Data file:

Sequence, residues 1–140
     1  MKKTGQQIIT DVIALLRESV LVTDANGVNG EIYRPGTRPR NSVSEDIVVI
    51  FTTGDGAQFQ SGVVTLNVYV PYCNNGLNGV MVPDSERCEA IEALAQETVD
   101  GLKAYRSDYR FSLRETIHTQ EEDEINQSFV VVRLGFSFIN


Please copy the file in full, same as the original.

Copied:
Sequence, residues 1–140
     1  MKKTGQQIIT DVIALLRESV LVTDANGVNG EIYRPGTRPR NSVSEDIVVI
    51  FTTGDGAQFQ SGVVTLNVYV PYCNNGLNGV MVPDSERCEA IEALAQETVD
   101  GLKAYRSDYR FSLRETIHTQ EEDEINQSFV VVRLGFSFIN